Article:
Fudging Budget numbers has become a serious problem in recent years.
Properly accounted, the Centre's fiscal deficit was around 5 per cent of GDP in 2017-2018, 2018-2019 and 20192020.
FM Nirmala Sitharaman made a significant advance towards greater transparency in the last Budget by providing some details on off-Budget expenditures and their financing, but refrained from including them in the deficit.
This is the Budget to clean it all up. Precisely because everyone expects a huge deficit this year, it is the best time to come clean with full accounting of the deficit, even if the resulting number is 8 per cent of GDP or higher.
Second, a combined deficit of 12-13 per cent of GDP is obviously impossible to sustain beyond this year, which may end with the government debt to GDP ratio at an unprecedented 85-90 per cent.
With GDP and revenues now recovering robustly, 2021-2022 provides the best opportunity for making a serious down payment on the inevitable fiscal consolidation that will have to be done in the years ahead.
With nominal GDP expansion of 15-16 per cent or so next year, the associated revenue increases should permit a shrinkage of the Centre's deficit to around 5 per cent of GDP, as long as the expenditure to GDP ratio is held roughly equal to last year's.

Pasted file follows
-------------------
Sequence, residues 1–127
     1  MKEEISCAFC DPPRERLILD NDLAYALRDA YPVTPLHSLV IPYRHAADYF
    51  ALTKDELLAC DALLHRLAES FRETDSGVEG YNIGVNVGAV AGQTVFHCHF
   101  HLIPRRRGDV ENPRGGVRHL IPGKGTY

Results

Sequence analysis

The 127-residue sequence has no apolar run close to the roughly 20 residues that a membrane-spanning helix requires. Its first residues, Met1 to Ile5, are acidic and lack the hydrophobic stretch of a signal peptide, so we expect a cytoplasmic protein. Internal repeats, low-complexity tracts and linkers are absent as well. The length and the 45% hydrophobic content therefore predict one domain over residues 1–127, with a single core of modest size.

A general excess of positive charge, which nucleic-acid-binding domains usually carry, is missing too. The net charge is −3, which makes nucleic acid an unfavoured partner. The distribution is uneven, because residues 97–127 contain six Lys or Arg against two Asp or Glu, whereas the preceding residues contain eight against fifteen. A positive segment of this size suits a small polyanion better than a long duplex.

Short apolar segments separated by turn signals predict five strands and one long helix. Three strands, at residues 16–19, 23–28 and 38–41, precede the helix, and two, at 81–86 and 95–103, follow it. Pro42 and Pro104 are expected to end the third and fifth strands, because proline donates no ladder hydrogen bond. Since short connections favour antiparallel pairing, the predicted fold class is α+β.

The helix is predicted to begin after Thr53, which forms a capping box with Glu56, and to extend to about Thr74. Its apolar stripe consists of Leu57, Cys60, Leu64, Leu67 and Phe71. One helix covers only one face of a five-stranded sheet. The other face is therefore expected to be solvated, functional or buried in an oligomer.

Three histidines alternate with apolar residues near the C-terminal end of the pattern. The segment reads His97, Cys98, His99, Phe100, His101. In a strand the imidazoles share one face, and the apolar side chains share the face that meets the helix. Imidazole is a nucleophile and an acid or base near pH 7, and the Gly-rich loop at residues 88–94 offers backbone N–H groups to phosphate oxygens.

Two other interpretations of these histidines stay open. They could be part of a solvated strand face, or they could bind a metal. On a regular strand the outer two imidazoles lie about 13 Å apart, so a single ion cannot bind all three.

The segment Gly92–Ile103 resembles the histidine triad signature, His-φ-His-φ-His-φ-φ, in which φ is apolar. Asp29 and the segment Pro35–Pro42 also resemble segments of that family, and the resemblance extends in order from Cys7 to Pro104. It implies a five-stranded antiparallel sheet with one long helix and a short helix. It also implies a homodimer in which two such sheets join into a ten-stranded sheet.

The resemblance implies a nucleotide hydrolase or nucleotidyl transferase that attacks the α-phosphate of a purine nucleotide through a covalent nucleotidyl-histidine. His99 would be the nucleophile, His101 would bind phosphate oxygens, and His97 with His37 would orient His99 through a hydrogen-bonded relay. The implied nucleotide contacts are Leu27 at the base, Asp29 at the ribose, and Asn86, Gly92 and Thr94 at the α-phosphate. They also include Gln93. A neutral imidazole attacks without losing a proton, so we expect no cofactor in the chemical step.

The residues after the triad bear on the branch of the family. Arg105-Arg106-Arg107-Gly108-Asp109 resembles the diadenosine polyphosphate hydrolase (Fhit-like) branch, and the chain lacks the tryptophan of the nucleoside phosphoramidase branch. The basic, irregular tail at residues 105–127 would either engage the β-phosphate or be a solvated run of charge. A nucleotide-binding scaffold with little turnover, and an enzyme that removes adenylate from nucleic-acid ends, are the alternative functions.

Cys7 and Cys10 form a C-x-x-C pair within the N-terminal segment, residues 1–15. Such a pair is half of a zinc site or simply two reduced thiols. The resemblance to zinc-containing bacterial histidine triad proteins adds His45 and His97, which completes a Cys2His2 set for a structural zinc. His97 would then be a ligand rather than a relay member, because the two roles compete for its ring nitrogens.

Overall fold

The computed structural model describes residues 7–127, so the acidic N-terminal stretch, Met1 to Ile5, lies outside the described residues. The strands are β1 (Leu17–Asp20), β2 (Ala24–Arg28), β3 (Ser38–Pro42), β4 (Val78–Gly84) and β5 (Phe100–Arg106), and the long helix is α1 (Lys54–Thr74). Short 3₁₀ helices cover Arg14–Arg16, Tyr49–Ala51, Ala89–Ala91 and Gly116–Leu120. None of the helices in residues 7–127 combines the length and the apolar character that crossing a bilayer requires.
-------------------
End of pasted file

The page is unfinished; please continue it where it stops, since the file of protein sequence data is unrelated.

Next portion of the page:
This will allow reduction of the borrowing programme to reasonable levels and an associated reduction in the current high level of indirect deficit financing by the RBI.
Without such compression, inflation could flare out of control and the government debt to GDP ratio could rise to really dangerous levels, undermining basic financial stability.
Third, it is possible that because of pressing realities, the expenditure ratio may have to increase a little above the 2019-2020 level next year to accommodate necessary spending increases on public health and defence.
In that case, to hold the 5 per cent of GDP line on the deficit, the following least disruptive measures may be considered:
a. A significant reduction in the personal income tax exemption limit;
b. A one-time-one-year surcharge on corporate taxes, though this will damage the credibility of the FM's company tax rate cuts of September 2019;
c. A systematic effort to raise government fees and user charges across all ministries and thus reverse the declining trend in the non-tax revenues to GDP ratio;
d. A major programme to conduct sales of surplus government land.
Fourth, import duty rates should not be increased. Indeed, if we want to gain from an expansion of export demand through greater participation in global and regional value chains in East and South-East Asia (the most dynamic geography in today's world) then import duty rates need to be rolled back to 2017 levels, with a significant down payment being made in the forthcoming Budget.
Participation in the Regional Comprehensive Economic Partnership would help greatly, but the potent combination of our politics with some influential protectionist producer lobbies may render that a bridge too far.
Shankar Acharya is honorary professor at ICRIER and former chief economic adviser to the Government of India. Views are personal
Feature Presentation: Rajesh Alva/Rediff.com